The small alphabet stamps for batik aren't going to work. I wanted to use some smaller letters, but the wax spreads too much, it doesn't look the way I want. Perhaps I'll try with different temps of wax. I need different burners to heat my wax. I use one of those portable burners since I work in the basement area. It runs a bit hot, even on the lowest setting. I'm using soy wax and it melts at a lower temp. But from reading the instructions of how to get out traditional batik wax, which is a mix of paraffin & beeswax, I'll figure out what works best for the soy.

Soy wax can be washed out in hot water & detergent. It's like a harder vegetable shortening (looks like Crisco but firmer). Since the temps used are lower it's also less likely you'll burn yourself.

To get out paraffin and beeswax the item has to be boiled in water and then cooled so the wax can be skimmed off. It used to be you could take it to the dry cleaner and they could get it out. But the chemical they used was 'kind of' toxic and not very many places use it any longer.

You can get soy wax for making candles also, it gives off less soot.

Thursday, June 10, 2010

Copper Tjaps

Well, I splurged. Dharma Trading got in some copper Tjaps in. Compare to rubber stamps for ink - but are used for wax for batik. It's another way to get wax on your fabric. So I managed to get a couple. There are other places on the web to get them, but the price is good and I trust Dharma since I've ordered from them before. They are really clear on what you are getting and how to use it. If you do much dyeing, fabric painting, etc., you should check them out. They even have a sense of humor.

So when they come in I'll post of a pic of them. And of course I'll have to practice using them. So far my batik has been using paint brushes or cookie cutters. Did you know cookie cutters work pretty well to do batik? That is what I use for the stars on the t-shirt below. I got a few different sizes and sets. I'm going to try with an alphabet set also. You should see my test t-shirts, they are quite 'decorated'. Of course, they also have a lot of paint samples on them since, when I'm painting a room, I think wiping my fingers on my t-shirt is easier than getting a paper towel.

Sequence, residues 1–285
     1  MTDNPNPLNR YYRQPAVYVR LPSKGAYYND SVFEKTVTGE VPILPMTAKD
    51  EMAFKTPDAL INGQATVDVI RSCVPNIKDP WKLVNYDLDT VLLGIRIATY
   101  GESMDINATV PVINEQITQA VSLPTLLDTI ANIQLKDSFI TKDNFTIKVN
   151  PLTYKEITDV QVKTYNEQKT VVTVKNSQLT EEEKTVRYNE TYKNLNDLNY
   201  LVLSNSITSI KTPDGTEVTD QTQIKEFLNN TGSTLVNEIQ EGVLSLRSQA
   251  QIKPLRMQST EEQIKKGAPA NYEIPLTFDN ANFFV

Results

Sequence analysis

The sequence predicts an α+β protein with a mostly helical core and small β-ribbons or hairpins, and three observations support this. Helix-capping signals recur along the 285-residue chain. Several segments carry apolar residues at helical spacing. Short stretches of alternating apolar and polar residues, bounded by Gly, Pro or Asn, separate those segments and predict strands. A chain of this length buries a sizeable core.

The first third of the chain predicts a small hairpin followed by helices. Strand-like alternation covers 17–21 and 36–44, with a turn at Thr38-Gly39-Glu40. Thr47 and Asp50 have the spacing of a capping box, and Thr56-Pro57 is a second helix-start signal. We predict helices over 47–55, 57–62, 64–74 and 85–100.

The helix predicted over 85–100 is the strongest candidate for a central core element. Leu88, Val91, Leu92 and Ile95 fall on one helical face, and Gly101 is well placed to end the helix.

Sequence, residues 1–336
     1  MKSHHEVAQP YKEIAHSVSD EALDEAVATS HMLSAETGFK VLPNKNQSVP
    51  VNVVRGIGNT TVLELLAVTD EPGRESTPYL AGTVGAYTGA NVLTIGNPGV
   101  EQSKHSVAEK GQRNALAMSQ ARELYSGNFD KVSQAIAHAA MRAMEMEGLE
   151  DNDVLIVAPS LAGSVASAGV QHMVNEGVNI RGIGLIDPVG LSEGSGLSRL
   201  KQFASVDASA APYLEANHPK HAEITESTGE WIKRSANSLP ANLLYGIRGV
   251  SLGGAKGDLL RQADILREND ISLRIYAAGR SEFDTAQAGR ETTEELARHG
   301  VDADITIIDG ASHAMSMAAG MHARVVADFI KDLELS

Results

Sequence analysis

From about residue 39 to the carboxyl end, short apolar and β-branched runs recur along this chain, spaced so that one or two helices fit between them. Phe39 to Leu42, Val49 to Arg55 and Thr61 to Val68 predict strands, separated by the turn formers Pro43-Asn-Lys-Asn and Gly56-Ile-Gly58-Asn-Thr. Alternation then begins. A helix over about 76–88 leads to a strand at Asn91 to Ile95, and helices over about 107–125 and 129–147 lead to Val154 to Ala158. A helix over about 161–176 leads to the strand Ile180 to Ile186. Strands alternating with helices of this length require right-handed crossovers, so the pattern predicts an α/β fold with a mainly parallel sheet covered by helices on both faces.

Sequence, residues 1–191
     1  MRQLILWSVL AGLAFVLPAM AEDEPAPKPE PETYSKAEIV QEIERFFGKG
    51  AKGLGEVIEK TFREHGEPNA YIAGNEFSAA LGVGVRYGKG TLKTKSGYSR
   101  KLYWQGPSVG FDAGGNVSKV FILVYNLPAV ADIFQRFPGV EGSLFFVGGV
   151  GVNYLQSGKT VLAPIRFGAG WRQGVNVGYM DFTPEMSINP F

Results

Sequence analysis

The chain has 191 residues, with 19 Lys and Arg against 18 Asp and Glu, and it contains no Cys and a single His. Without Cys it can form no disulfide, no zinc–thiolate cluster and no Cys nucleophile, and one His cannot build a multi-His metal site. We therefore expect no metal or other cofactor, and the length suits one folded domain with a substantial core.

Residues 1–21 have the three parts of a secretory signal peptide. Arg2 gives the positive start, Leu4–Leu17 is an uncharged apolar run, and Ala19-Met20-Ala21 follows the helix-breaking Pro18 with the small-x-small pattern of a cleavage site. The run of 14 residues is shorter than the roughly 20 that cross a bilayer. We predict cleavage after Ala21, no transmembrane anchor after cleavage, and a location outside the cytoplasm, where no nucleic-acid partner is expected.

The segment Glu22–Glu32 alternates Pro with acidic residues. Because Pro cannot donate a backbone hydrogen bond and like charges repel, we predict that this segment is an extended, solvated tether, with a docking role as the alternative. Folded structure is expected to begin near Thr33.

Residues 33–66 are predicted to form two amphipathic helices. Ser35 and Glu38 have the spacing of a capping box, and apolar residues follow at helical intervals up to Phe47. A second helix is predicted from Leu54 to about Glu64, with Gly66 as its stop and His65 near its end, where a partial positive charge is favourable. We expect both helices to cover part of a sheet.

Wednesday, June 9, 2010


It's good to take notes. (I feel like I have a feature picture of the day).

In my best announcer's voice, today's picture is of a pratice shirt I did a while ago. After a while it gets hard to remember what you did to make it look like that. So when I took pictures of these I put little notes in the pictures. I helps later when you look at the shirt and want to do it again, or don't want it to turn out that way. Aren't digital cameras great? You don't have to pay to have pictures developed and, most of the time, you can find them later.

I spent this evening digging up the yard so I didn't get enything new prepped or dyed. Maybe we'll get a rain-out tomorrow so I won't have to choose what to work on.

Tuesday, June 8, 2010

More than I know

There is so much to learn. I keep thinking it would be good if I were able to be happy with 4 hours of sleep a night. Just think how much more I could get done.

In my perusal of the web I found some links to share.

This link has some really good information about how to dye and use some other supplies properly. Very clear and useful.

And here, the second picture down is just beautiful. I've tried to do something like it, but it falls in the 'eek, I don't think I'll show anyone that' category.

Monday, June 7, 2010

Like tightening a corset or something